I received a copy of this book from Netgalley/the publisher in exchange for an honest review.
My daughters and I love to read together. I hadn’t seen very many picture books on Netgalley recently, so I was very excited when I received the opportunity to read several around the same time.
Too Many Carrots was written and illustrated by Katy Hudson. The story begins by introducing the reader to Rabbit, who has outgrown his burrow. The problem is that he has too many carrots, and there is no room left for anything else. So, instead of downsizing the carrot collection, he sets out for greener pastures. Rabbit tries to move in with Tortoise- cramming himself into Tortoise’s shell. That doesn’t work out very well, and Rabbit and Tortoise must seek shelter elsewhere. I don’t want to give too much away, but needless to say, we are introduced to a variety of animals, and their living situations. Rabbit is not a very good houseguest, and he needs to make amends for the havoc he has caused. There’s just one problem- Rabbit really loves his carrot collection. Are the carrots more important than his friendships?
The illustrations are very cute. My daughters loved seeing the different places where the animals lived. They thought the pictures of the houses stuffed with carrots were very silly, and they were even more excited about said domiciles getting wrecked, courtesy of Rabbit and his carrots. I enjoyed seeing the characters’ facial expressions. Rabbit is often blissfully unaware that he is causing problems, but the other animals’ anger is noticeable. I’ve mentioned that two of my daughters are on the autism spectrum. Reading people’s faces and predicting outcomes are not always easy for them, so I appreciate every opportunity we have to discuss how people are feeling and what they might be thinking.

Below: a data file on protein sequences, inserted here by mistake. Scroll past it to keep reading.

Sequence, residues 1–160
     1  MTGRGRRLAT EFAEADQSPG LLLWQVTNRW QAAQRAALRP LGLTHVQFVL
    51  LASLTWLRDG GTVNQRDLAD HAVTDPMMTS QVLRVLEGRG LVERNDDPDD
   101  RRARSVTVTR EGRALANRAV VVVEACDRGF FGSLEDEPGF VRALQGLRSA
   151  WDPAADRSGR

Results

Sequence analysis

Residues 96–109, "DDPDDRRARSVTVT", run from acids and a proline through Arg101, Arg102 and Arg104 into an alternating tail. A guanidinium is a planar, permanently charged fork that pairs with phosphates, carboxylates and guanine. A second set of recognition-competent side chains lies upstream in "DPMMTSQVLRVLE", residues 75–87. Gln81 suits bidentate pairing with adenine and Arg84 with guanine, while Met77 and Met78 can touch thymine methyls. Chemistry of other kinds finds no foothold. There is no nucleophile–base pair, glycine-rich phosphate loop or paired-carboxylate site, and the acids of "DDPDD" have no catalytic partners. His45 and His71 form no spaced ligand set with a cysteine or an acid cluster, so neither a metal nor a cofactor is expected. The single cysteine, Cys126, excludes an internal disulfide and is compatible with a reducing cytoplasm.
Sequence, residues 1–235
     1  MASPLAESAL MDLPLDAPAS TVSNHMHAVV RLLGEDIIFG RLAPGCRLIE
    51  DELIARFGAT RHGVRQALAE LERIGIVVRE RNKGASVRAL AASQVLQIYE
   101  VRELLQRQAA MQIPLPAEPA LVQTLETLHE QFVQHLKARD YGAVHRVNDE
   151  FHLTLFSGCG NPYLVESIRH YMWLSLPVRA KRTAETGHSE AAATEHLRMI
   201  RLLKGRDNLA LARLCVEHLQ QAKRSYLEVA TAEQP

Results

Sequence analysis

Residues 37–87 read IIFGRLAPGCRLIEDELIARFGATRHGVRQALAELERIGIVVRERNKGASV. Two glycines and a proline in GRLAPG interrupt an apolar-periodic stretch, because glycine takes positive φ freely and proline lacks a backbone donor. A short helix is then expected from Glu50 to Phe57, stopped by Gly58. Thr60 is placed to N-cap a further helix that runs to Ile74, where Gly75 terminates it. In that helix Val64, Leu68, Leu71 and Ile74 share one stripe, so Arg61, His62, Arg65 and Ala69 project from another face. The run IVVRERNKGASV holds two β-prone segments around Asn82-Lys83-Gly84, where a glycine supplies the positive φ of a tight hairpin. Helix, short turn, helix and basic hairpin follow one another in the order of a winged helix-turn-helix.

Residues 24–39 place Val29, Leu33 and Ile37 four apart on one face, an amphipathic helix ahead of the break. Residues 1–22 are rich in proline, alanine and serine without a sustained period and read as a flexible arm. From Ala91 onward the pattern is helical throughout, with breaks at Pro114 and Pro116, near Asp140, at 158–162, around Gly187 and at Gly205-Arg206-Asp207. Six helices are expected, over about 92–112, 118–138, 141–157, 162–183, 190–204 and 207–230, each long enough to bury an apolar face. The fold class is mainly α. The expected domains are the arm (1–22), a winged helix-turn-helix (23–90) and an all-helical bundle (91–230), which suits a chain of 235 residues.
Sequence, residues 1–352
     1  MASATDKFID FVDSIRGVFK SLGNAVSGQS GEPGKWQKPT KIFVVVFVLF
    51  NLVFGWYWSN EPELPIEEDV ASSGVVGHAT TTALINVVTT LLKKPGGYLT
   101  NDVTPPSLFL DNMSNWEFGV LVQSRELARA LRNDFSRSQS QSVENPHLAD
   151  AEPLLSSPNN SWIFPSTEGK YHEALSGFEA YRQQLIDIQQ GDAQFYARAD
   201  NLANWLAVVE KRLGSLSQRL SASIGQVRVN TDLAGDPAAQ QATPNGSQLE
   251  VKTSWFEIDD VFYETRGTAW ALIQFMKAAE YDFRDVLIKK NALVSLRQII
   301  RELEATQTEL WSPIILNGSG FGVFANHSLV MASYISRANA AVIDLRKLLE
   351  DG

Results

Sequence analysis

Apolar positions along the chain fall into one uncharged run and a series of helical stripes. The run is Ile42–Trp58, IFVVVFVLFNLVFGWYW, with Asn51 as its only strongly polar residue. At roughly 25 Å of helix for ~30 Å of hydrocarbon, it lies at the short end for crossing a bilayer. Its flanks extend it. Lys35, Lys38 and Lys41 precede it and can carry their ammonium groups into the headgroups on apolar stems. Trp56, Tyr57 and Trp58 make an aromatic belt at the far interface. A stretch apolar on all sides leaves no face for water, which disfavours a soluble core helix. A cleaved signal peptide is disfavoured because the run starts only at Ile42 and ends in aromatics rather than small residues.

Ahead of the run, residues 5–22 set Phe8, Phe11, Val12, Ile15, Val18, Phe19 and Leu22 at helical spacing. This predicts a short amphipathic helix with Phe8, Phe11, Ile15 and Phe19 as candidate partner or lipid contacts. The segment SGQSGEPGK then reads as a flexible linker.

As a parent, I am trying my best to pass along good values to my girls. I always look for teachable moments. No one among us is perfect, and making mistakes is an inevitable part of life. The most important thing is how we react to making mistakes, and what we can do to make things better. Rabbit is definitely not a good friend for most of the story. He is a little selfish, and his actions have consequences for several of his friends. What he does about the situation demonstrates that things can almost always be fixed, and that making amends is important.
I would absolutely recommend Too Many Carrots. This story will appeal to children ranging in age from preschool through the early years of elementary school. My three girls enjoyed reading this book, and we will purchase our own copy so we can read it whenever we want.